Gamechangers is something new which will demonstrate the power of boardgames to teach young people new skills, help them gain in confidence and show them they can solve problems on their own or in effective teams.
If we can find support for the project, then our aim is to develop a springboard for boardgame clubs in Northern Uganda, with an aim to set up two regularly playing clubs at our centre in Koro and in Gulu town, which can be a conduit for circulating new games and hubs for budding game designers in Uganda.
We know that there is an incredible enthusiasm for boardgames following the event we ran last May - the Uganda Village Boardgame Convention. Children walked 10km each way to be there, early morning and through the evenings and every day there was a queue of new gameplayers looking for transport to the venue. Thanks to all of those who supported this brilliant convention and I hope we will be able to run something similar again next year!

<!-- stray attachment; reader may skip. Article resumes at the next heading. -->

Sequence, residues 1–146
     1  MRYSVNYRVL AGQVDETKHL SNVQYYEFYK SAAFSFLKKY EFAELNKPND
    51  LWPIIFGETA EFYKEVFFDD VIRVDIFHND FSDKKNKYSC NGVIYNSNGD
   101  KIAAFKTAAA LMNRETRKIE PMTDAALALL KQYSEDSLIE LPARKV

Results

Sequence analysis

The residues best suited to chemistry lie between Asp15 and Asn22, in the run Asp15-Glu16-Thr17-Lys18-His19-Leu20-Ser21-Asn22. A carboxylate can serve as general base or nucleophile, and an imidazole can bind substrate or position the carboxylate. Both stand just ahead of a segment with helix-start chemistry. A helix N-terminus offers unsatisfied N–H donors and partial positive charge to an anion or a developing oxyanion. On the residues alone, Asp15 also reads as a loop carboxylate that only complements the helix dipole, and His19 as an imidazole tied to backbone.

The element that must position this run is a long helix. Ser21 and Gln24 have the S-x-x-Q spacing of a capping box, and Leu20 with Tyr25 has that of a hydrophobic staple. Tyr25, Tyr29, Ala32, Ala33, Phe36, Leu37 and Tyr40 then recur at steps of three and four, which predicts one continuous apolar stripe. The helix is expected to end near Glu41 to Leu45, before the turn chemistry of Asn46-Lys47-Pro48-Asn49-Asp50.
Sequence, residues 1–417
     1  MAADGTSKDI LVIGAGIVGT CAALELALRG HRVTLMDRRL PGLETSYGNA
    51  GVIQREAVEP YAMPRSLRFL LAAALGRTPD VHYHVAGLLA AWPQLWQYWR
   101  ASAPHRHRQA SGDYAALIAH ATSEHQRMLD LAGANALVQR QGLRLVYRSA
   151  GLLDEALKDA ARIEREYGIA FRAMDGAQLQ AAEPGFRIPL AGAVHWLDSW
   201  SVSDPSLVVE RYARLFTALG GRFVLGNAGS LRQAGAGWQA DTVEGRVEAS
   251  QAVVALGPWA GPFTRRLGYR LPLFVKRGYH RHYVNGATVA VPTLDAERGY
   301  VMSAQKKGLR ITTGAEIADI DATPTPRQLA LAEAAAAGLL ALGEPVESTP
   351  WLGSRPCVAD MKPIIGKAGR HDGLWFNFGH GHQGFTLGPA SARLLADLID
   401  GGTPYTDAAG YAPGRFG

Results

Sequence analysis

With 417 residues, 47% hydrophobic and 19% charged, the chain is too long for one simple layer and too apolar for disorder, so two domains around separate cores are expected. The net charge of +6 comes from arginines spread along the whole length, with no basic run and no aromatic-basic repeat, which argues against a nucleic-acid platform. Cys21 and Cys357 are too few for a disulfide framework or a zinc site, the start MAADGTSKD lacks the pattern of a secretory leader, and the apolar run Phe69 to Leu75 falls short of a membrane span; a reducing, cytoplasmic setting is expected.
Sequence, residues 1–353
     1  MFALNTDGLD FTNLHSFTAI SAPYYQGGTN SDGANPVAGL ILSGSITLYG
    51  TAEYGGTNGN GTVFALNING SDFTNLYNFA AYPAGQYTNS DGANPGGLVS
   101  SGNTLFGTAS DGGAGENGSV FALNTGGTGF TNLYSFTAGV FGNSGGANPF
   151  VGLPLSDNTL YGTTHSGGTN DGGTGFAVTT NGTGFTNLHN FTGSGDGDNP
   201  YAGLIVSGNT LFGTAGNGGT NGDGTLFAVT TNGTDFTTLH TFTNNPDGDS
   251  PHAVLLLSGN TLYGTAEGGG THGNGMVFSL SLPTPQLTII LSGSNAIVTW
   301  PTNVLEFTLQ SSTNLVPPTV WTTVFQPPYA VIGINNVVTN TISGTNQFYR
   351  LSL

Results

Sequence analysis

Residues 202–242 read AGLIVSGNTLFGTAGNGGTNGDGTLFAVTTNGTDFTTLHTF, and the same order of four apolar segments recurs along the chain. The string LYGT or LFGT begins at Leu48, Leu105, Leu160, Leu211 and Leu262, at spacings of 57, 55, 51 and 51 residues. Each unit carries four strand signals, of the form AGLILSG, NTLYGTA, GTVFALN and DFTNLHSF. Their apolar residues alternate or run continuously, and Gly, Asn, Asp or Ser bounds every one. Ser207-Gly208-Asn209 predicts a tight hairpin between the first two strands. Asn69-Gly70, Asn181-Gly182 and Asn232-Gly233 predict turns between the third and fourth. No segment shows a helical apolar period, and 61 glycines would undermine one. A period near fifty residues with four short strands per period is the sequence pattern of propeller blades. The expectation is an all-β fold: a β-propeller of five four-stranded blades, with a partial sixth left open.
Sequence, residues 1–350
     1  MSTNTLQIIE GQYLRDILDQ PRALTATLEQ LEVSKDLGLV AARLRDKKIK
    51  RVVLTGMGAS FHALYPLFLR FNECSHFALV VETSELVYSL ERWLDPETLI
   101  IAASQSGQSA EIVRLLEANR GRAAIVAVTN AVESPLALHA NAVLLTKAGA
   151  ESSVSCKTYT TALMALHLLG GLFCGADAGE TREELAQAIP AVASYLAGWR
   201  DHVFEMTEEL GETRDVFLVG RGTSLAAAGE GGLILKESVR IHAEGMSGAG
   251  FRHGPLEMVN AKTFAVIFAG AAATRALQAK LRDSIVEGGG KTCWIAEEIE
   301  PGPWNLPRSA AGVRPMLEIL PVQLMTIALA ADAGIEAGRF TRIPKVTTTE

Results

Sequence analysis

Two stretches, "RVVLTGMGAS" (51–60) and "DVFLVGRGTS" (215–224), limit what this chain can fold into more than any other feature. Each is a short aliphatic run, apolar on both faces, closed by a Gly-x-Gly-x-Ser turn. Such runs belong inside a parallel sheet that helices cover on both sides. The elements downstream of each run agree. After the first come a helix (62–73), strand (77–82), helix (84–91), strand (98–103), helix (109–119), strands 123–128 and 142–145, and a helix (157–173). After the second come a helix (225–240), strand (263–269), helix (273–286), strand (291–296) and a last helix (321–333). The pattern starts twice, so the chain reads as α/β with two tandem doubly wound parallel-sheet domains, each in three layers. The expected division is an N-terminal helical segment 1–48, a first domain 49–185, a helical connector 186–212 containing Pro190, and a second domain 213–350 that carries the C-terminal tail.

Gamechangers builds on what we learnt in May and will make next year's event run even more smoothly, as it will give those children that attended a chance to play more new boardgames between now and next May.
For the Gamechangers launch we are going to work on four different areas:
- Competitive and Co-operative boardgames
- Drama, to teach the value of boardgames
- Art arena cooperation games
- Active and teambuilding games
- Story-collecting for new games and adventures
Competitive and co-operative boardgames are important , because children like to win. Omweso is one of Uganda's most favourite games and there are many championships that take place throughout the country. It is a game of similar ilk to Mancala, which the Five Tribes modern boardgame is loosely based on and the moving of beads, beads, stones has the same feel as moving pieces around on a board. Usually, the game is played without a board, with small pits dug out from the dust, which Uganda is famous for.
All boardgames have some significant educational benefit and these can be split into the following areas: